What happened?

On September 16, Facebook noticed an unusual spike in the number of times the platform’s ‘View As’ feature was being used. The feature allows users to see how their Facebook page will appear to another user. On September 25, Facebook announced that it had identified this as a malicious activity in which the access tokens of 50 million users were appropriated by unknown hackers, and certain personal details possibly accessed.

What is an access token?

An access token is a digital key that allows users to stay logged into Facebook on a device or browser without having to sign in repeatedly using their password. It extends its reach to other apps or services that users sign into using their Facebook account. If hackers have the access tokens, they do not require passwords to get into Facebook accounts or apps like Instagram that utilise the Facebook login.

What did hackers do?

The ‘View As’ feature was introduced by Facebook as a privacy control feature, allowing users to check the information they were sharing with others. But this proved to be an Achilles’ heel because of some bugs that were introduced in the software in July 2017. According to Techcrunch, while using the ‘View As’ feature, Facebook’s video uploader tool also appeared on the page at times, generating an access token that was not the user’s but of the person the user was looking up. For example, if Hacker A selected User B for ‘View As,’ and the video uploader appeared on the page, it generated an access token for User B which was then available to Hacker A.

What was Facebook’s response?

Facebook had to force the affected 50 million users, and an additional 40 million users who had used the ‘View As’ feature since last July to log in again so that their access tokens changed. Facebook has since said it has resolved the bugs that caused what is said to be the largest breach in the history of the platform. Facebook is said to be working with the FBI on the issue. It also informed the Irish Data Protection Commission, since the European Union’s strict new data protection law states that it has to be informed within 72 hours if anyone in the European Economic Area is affected. The Commission has started a probe, and Facebook faces a fine that could go over a billion dollars.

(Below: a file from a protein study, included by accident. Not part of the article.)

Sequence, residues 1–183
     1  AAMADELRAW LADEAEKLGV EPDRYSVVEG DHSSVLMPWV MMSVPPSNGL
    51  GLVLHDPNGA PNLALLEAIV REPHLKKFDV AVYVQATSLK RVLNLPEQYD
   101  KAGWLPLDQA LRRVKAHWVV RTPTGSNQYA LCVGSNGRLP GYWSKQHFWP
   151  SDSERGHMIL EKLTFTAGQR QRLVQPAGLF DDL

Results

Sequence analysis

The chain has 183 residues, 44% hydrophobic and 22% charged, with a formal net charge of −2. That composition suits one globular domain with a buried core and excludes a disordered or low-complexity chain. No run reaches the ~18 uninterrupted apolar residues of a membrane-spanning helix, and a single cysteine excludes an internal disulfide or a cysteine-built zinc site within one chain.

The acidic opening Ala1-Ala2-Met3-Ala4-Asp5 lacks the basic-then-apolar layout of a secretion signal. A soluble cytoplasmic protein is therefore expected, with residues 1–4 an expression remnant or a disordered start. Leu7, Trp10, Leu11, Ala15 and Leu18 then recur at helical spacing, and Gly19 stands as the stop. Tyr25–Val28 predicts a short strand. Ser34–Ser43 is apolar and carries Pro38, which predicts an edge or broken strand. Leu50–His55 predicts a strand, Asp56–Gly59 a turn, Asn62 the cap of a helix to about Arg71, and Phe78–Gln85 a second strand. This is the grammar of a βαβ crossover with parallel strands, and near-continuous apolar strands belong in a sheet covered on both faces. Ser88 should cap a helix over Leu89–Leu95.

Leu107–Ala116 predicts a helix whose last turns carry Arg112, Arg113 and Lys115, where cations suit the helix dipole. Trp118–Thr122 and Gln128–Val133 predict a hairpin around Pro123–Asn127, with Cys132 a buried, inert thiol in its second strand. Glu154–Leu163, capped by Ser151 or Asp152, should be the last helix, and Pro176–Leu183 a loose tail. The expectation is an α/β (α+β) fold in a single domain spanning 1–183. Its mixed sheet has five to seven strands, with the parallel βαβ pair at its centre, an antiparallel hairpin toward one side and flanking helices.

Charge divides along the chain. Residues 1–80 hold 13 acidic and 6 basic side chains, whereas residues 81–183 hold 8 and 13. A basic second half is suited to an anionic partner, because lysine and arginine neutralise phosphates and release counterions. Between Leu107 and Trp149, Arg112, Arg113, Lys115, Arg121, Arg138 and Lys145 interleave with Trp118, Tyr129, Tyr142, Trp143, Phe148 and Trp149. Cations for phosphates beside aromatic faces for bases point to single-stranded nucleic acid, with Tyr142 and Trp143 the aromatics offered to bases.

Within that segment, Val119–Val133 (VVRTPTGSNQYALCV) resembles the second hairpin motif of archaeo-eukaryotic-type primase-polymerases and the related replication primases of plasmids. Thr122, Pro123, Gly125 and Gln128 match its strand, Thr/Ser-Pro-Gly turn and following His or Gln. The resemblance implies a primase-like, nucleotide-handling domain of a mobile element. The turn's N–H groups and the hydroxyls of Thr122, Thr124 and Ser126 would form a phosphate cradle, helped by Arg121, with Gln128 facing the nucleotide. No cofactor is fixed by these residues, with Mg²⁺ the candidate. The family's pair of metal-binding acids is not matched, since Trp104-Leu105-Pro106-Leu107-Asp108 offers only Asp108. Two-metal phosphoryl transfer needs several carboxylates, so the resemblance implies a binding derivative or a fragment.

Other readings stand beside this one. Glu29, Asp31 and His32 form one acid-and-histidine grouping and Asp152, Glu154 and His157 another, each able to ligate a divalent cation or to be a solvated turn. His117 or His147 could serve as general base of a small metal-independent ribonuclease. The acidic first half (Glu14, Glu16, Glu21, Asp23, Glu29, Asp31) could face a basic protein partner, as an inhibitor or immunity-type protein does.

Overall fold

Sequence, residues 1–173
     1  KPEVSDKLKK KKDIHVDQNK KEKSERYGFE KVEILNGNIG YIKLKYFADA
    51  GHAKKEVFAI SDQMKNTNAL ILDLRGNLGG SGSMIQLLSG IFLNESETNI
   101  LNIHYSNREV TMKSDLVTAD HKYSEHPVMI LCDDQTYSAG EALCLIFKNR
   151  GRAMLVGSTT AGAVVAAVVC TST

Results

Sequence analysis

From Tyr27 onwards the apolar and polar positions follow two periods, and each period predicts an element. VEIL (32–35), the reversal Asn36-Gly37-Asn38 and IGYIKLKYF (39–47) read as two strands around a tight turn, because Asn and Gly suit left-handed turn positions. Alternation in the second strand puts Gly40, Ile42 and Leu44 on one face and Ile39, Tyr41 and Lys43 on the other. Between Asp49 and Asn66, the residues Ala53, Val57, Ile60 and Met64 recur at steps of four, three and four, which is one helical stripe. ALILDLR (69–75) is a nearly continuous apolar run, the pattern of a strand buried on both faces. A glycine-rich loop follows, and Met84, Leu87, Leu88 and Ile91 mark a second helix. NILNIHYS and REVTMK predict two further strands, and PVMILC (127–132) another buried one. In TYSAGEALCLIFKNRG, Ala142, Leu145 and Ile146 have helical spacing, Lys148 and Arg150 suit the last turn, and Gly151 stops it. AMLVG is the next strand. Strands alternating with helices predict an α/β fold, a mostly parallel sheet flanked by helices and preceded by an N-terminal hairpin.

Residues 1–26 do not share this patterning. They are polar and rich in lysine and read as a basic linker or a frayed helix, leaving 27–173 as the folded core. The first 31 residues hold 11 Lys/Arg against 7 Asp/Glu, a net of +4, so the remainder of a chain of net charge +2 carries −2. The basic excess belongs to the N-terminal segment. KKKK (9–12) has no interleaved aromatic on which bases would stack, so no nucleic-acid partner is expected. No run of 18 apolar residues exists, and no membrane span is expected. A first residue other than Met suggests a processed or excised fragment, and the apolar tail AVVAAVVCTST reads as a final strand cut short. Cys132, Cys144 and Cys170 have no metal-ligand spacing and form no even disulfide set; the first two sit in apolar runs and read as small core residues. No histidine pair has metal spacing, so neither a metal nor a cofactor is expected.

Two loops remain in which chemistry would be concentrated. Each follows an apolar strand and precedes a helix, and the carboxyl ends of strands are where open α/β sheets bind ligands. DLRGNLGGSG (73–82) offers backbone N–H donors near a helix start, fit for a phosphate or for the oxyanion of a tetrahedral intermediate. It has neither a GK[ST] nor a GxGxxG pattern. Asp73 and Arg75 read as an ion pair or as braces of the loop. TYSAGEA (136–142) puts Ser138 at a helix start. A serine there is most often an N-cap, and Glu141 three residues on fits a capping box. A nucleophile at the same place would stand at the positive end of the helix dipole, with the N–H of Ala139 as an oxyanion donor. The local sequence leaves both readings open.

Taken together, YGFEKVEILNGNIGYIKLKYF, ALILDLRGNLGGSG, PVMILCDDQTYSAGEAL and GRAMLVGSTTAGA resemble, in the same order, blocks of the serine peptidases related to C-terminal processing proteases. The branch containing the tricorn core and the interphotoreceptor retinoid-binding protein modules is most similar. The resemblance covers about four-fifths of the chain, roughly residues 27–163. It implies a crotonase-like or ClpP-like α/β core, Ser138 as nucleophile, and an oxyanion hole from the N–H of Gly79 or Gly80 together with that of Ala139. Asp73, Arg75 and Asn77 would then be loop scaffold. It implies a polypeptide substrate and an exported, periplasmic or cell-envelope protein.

Why is it significant?

This breach again puts the spotlight on the vulnerabilities of Facebook, the digital behemoth that claims over two billion users and along with Google controls more than half of the global digital advertisement revenue. It was caught on the wrong foot earlier this year when the Cambridge Analytica scandal broke, revealing that data of up to 87 million users were harvested and used for political campaigning. There are ongoing investigations into that scandal, and the new breach is not helping Facebook redeem itself. Aside from the direct impact of private data being accessed, massive data sets allow for psychological profiling a la Cambridge Analytica. This could lead to targeted political advertising and manipulation, especially at a time when crucial mid-term elections are due in the United States and in India. It also undermines the faith in the ‘single sign-in.’ The Facebook sign-in has been utilised by a whole set of services, from gaming apps to news apps, as a way to log in to their sites or apps based on the idea that large digital entities like Facebook and Google provide better security. This trust now stands shaken. While Facebook has reportedly refreshed the access tokens of all affected parties, the extent to which the hackers had access to connected third-party apps remains unclear.

 

Leave a Reply